This chapter provides a firsthand account of an East European immigrant’s initial encounter with America and of his early years in the country. Even though the account is filtered through the consciousness of a Zionist pioneer in the Land of Israel, it nonetheless paints a vivid picture of a newcomer’s encounter with the United States early in the twentieth century. Many of his trials and tribulations were shared by tens of thousands of other immigrants as well: the peddling in the countryside, the struggle to get a start in business, the migration from one place to another and from one job to another, the not uncommon confrontation with personal tragedy, and, more generally, the encounter with new cultural realities. In this regard, Frieden’s initial reaction to African Americans and his adoption of the prevailing attitudes of white society are especially revealing, as is his first experience with anti-semitism.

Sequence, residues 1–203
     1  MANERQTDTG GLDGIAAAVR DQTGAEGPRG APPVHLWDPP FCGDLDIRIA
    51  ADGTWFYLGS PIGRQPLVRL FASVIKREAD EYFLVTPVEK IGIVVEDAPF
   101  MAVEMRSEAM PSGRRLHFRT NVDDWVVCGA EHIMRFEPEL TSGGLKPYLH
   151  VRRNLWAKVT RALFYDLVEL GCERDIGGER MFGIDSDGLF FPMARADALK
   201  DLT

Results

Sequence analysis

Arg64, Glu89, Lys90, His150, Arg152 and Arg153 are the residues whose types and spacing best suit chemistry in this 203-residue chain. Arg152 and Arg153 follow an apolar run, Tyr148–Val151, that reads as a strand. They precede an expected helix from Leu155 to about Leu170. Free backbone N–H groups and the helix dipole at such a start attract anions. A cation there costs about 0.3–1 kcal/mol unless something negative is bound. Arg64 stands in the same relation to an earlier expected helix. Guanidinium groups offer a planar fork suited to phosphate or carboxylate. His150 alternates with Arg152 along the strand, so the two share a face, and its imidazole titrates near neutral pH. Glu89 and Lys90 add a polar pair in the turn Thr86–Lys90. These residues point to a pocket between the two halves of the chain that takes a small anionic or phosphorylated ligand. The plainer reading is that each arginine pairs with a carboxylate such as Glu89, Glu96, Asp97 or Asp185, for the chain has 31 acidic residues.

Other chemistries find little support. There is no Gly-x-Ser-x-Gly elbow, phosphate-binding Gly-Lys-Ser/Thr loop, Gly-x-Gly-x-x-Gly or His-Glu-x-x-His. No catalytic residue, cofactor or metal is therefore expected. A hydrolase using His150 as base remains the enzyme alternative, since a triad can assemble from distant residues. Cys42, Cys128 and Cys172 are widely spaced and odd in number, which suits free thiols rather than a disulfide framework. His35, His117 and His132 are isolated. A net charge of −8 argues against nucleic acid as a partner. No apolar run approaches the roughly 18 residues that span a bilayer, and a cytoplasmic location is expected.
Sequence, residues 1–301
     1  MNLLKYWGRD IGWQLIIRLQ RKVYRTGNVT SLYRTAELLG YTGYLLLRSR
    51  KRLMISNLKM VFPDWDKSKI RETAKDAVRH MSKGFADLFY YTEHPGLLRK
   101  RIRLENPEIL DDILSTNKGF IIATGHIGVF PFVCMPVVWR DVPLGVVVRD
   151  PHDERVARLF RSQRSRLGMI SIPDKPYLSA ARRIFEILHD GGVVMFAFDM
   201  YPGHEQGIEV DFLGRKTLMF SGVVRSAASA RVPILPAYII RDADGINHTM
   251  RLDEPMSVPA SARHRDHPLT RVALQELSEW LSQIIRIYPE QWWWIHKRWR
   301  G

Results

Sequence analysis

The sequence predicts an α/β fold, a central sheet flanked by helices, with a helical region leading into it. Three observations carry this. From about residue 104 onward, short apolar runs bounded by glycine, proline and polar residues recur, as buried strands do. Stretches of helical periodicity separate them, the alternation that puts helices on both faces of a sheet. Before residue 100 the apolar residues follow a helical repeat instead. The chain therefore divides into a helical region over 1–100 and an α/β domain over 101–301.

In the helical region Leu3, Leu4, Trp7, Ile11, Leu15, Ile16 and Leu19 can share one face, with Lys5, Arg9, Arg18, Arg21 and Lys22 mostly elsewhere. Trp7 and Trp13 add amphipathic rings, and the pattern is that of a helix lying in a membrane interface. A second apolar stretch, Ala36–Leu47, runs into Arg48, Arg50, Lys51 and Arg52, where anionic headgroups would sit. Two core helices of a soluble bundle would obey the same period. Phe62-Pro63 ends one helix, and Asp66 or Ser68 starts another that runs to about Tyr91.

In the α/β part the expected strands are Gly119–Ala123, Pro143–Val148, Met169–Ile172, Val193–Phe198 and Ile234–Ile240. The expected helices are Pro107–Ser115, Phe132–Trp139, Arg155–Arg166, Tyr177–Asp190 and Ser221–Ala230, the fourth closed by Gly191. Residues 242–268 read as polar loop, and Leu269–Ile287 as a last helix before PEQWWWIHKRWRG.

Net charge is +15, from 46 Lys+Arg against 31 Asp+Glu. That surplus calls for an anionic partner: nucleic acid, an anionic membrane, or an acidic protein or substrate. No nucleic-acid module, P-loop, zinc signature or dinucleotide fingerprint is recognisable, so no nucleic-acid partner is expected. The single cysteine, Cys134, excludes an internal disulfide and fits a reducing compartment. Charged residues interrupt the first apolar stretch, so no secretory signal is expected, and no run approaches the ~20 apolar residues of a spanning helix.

Stanford Scholarship Online requires a subscription or purchase to access the full text of books within the service. Public users can however freely search the site and view the abstracts and keywords for each book and chapter.
If you think you should have access to this title, please contact your librarian.
To troubleshoot, please check our FAQs , and if you can't find the answer there, please contact us.